Affectionately known as the “Tin Goose,” the Ford Tri-Motor was the largest civil aircraft in America when it first flew on August 2, 1926. Its all-metal, corrugated aluminum construction and the prestigious Ford name made it immediately popular with passengers and airline operators. Highlighted in this image is the exit door of the Ford Tri-Motor.

    35 of 40

    Ford 5-AT Tri-Motor Engine and Propellers

     

    Affectionately known as the “Tin Goose,” the Ford Tri-Motor was the largest civil aircraft in America when it first flew on August 2, 1926. Its all-metal, corrugated aluminum construction and the prestigious Ford name made it immediately popular with passengers and airline operators. Highlighted in this image are the engine and propellers of the Ford Tri-Motor.

    36 of 40

    Ford 5-AT Tri-Motor Propellers

     

    Affectionately known as the “Tin Goose,” the Ford Tri-Motor was the largest civil aircraft in America when it first flew on August 2, 1926. Its all-metal, corrugated aluminum construction and the prestigious Ford name made it immediately popular with passengers and airline operators. Highlighted in this image are the propellers of the Ford Tri-Motor.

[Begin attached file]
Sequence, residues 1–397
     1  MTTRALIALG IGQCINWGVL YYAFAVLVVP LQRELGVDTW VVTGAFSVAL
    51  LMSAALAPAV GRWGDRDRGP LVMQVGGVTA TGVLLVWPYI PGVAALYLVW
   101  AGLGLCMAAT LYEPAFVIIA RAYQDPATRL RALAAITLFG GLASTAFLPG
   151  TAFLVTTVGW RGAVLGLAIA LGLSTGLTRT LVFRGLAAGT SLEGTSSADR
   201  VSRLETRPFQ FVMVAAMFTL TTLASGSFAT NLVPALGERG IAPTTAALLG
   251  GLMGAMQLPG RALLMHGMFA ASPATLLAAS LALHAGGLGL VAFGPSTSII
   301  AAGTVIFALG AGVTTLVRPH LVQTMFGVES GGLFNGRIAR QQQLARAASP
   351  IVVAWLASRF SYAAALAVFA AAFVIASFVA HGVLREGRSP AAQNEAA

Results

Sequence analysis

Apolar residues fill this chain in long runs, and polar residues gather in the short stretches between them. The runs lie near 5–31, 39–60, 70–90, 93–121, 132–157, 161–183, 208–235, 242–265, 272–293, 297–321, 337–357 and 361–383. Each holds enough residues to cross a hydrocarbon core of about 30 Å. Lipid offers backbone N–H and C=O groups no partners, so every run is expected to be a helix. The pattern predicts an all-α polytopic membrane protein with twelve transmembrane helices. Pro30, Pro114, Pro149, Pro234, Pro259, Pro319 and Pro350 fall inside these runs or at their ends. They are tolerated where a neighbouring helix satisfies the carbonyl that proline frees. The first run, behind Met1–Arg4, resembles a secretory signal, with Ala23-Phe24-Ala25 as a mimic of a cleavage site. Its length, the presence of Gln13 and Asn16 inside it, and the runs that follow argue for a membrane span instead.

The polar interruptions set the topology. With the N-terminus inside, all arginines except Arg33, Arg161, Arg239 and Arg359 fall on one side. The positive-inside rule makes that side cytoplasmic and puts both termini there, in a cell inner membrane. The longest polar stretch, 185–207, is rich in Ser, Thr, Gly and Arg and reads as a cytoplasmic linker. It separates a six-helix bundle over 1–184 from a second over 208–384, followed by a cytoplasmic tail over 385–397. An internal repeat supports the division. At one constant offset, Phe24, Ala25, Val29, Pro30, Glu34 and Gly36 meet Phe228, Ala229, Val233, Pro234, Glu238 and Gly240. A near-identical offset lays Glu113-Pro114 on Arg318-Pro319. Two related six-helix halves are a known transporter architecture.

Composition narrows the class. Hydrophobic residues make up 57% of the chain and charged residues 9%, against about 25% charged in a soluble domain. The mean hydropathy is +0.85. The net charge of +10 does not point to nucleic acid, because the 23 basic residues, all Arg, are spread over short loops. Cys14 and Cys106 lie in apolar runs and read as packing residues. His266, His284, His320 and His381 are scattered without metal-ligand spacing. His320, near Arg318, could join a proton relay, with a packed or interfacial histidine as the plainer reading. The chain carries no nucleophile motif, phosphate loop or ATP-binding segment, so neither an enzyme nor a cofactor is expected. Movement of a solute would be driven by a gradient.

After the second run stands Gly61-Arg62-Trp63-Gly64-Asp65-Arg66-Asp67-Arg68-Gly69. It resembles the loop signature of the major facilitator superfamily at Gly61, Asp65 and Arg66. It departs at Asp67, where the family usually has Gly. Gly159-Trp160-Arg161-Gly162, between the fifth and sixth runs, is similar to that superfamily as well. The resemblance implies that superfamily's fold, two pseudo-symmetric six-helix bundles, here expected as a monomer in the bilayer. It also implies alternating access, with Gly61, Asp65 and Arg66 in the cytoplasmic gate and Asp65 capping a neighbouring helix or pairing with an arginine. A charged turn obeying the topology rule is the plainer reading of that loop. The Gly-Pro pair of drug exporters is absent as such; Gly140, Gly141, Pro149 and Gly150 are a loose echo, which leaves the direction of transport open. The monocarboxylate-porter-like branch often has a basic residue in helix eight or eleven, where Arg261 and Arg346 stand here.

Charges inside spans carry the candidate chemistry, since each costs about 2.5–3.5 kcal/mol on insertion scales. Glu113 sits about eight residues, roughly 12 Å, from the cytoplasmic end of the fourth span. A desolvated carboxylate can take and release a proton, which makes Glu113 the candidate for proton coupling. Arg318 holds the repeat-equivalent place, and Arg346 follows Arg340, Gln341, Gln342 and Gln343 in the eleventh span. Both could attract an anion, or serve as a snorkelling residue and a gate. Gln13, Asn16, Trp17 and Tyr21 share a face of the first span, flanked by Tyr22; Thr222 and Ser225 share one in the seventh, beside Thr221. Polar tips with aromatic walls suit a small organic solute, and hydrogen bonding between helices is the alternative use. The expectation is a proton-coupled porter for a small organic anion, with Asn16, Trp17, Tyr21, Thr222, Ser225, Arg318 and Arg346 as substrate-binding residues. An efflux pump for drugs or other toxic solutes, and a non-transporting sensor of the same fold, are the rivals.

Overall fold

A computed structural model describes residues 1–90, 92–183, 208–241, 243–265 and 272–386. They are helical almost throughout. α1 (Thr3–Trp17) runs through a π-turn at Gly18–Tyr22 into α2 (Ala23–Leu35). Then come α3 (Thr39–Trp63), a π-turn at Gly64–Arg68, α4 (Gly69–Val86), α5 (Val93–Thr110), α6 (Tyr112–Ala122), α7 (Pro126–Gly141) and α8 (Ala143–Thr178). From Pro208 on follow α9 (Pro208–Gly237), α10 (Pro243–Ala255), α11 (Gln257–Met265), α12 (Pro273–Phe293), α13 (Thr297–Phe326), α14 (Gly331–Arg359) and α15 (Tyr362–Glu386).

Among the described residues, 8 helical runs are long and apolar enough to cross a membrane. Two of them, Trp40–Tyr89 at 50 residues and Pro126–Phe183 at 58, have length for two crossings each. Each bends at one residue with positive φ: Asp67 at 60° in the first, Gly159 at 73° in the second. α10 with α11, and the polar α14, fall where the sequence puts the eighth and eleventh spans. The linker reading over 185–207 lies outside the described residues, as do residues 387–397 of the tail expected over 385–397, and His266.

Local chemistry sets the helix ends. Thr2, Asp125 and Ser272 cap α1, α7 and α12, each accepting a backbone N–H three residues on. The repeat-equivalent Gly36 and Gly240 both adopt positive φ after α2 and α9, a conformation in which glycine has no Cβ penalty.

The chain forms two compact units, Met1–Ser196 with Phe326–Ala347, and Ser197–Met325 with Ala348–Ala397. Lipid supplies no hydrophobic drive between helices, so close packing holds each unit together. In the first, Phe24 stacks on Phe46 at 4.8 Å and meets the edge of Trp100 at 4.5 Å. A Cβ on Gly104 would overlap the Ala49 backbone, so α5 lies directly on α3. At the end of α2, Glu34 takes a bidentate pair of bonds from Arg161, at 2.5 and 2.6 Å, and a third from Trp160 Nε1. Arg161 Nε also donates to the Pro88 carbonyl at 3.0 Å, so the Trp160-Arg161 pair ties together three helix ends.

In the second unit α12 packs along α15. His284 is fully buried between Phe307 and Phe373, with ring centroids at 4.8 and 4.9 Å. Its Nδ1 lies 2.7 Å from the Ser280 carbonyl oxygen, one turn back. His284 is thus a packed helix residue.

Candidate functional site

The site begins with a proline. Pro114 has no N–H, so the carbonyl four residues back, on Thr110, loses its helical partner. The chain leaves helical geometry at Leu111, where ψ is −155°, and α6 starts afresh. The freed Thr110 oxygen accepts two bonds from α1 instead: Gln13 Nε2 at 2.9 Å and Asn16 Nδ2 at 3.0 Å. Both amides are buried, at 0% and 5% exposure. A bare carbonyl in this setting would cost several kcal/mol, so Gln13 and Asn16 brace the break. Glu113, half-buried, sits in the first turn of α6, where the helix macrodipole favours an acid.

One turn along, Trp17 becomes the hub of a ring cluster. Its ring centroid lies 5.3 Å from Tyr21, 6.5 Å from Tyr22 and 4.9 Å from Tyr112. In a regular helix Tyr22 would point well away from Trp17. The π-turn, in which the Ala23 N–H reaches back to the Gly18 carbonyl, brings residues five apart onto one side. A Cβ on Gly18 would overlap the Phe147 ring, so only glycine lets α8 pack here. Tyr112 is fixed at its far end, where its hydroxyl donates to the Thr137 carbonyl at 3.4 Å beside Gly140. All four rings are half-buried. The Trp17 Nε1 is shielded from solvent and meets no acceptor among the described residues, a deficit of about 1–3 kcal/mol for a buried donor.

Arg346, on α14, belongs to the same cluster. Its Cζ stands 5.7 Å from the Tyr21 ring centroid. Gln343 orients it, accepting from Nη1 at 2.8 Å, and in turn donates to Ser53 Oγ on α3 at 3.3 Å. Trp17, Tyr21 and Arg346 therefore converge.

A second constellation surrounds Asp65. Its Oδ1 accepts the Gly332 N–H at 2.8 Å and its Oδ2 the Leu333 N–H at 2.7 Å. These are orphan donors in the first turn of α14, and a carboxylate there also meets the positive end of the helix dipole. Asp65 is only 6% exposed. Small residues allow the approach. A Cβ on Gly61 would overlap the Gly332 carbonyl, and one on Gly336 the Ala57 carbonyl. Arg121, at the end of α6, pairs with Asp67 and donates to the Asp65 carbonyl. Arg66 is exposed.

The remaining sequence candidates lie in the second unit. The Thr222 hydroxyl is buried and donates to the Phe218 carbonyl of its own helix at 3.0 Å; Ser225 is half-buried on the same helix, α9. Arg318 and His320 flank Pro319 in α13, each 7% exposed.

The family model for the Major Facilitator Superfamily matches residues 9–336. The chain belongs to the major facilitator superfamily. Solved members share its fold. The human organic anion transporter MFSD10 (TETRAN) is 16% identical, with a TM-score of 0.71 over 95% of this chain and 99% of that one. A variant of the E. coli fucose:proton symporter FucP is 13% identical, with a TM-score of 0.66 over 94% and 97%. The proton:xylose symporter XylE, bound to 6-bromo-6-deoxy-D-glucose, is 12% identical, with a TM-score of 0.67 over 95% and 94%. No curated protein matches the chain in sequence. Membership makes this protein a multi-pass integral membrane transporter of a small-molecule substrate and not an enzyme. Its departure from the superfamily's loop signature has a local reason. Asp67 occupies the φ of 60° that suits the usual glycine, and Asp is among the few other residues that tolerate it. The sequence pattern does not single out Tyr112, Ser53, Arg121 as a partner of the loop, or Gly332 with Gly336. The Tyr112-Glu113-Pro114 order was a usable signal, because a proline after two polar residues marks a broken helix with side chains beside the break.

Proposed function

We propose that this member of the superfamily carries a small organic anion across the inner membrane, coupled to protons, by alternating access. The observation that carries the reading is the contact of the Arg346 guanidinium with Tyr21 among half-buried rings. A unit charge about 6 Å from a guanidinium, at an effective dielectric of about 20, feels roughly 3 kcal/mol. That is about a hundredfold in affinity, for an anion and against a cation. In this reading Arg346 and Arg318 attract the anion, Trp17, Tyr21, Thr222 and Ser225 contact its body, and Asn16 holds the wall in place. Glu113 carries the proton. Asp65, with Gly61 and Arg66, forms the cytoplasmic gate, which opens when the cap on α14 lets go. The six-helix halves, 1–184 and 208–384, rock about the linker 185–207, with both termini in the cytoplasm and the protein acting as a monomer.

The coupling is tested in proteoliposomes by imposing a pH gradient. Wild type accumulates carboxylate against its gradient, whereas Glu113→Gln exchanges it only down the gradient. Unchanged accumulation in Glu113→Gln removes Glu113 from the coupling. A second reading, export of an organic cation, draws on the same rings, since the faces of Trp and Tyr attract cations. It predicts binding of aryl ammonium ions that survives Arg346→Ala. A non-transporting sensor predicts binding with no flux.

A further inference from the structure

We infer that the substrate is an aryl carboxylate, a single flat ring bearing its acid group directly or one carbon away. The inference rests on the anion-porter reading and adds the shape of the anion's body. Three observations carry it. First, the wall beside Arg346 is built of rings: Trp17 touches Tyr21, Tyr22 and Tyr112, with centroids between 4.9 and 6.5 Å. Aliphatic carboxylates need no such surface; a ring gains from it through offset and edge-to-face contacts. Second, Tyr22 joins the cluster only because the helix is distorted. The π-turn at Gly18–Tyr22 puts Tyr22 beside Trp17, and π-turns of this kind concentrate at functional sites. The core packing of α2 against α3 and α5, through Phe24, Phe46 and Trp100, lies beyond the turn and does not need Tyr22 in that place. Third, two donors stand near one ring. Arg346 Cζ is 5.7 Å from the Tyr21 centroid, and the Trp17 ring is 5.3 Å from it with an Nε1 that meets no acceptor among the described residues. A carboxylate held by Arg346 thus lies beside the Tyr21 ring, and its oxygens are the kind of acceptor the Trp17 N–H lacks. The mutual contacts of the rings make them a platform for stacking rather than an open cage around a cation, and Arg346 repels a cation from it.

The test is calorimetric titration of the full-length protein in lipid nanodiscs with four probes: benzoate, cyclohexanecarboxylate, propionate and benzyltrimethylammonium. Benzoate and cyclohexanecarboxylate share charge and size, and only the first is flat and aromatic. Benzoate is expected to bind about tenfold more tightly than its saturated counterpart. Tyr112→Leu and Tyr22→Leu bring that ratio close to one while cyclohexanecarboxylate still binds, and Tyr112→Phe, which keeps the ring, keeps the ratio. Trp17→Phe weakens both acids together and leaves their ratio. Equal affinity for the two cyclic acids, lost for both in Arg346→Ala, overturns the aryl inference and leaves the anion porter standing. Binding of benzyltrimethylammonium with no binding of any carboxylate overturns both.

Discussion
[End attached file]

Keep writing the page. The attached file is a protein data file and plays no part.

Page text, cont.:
37 of 40

    Ford 5-AT Tri-Motor Rear Panorama

    Panoramic view inside the rear of the Ford 5-AT Tri-Motor.

    38 of 40

    Ford 5-AT Tri-Motor Panorama

    Panoramic view inside the cockpit of the Ford 5-AT Tri-Motor.

    39 of 40

    Ford’s Flying Machine

    40 of 40

Ford 5-AT Tri-Motor

Affectionately known as the “Tin Goose,” the Ford Tri-Motor was the largest civil aircraft in America when it first flew on August 2, 1926. Its all-metal, corrugated aluminum construction and the prestigious Ford name made it immediately popular with passengers and airline operators. Noisy but reliable, the Ford Tri-Motor played a major role in convincing the public that air travel was safe and practical.

The 5-AT, a more powerful version of the earlier 4-AT, had three Pratt & Whitney Wasp radial engines and entered service in 1928. The airplane on display above was restored by American Airlines.

Gift of American Airlines

Wingspan:23.7 m (77 ft 10 in)

Length:15.2 m (49 ft 10 in)

Height:4.2 m (13 ft 8 in)

Weight, gross:5,738 kg (12,650 lb)

Weight, empty:3,470 kg (7,650 lb)

Top speed:217 km/h (135 mph)

Engine:3 Pratt & Whitney Wasps, 420 hp

Manufacturer:Stout Metal Airplane Co. (a Division of Ford Motor Co.), 1928